Tax, finance and development
This week The Economist features a great article on corporate taxation, explaining in detail why the OECD’s plan to curb multinationals’tax avoidance is a missed opportunity.
In a second article, it looks at recent changes in some key countries: Luxembourg, the Netherlands, and the UK. It rightly notes that in many ways, the UK is leading the race to the bottom in corporate tax.
What about the Netherlands? Well, I argue that there is some window-dressing going on. The Netherlands says it is strengthening requirements that companies have a real economic presence here, but it is still too easy to fulfil these by hiring local firms to provide the necessary substance.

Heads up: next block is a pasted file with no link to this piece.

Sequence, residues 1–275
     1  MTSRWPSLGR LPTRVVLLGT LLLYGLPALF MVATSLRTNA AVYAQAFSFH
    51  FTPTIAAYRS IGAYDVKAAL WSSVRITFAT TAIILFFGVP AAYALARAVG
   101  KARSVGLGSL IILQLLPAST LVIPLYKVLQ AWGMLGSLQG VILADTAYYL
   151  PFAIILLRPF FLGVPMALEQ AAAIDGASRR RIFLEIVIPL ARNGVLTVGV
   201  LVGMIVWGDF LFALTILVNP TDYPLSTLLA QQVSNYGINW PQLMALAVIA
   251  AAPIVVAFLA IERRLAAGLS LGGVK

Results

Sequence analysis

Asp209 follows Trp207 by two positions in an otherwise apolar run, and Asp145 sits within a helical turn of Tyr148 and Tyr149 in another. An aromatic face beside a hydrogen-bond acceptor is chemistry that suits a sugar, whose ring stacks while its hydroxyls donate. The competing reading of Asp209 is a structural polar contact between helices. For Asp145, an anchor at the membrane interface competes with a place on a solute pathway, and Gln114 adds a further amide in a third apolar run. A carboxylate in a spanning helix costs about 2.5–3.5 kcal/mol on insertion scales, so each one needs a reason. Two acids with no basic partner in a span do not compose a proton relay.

Take the requirement that at least half of all directors of a company must be Dutch residents and have the necessary skills and qualifications, for example. What many people don’t know is that Dutch law allows companies to be directors of other companies. So sometimes you get the ridiculous situation that a mailbox company meets the criterion of having Dutch directors by appointing other Dutch mailbox companies, or Dutch trust companies, as directors. (Never mind about their skills and qualifications.)
If the Netherlands is really serious about economic substance, it should end such artificial arrangements that serve no real business purpose whatsoever. Require that all directors must be natural persons! Who could possibly be against that?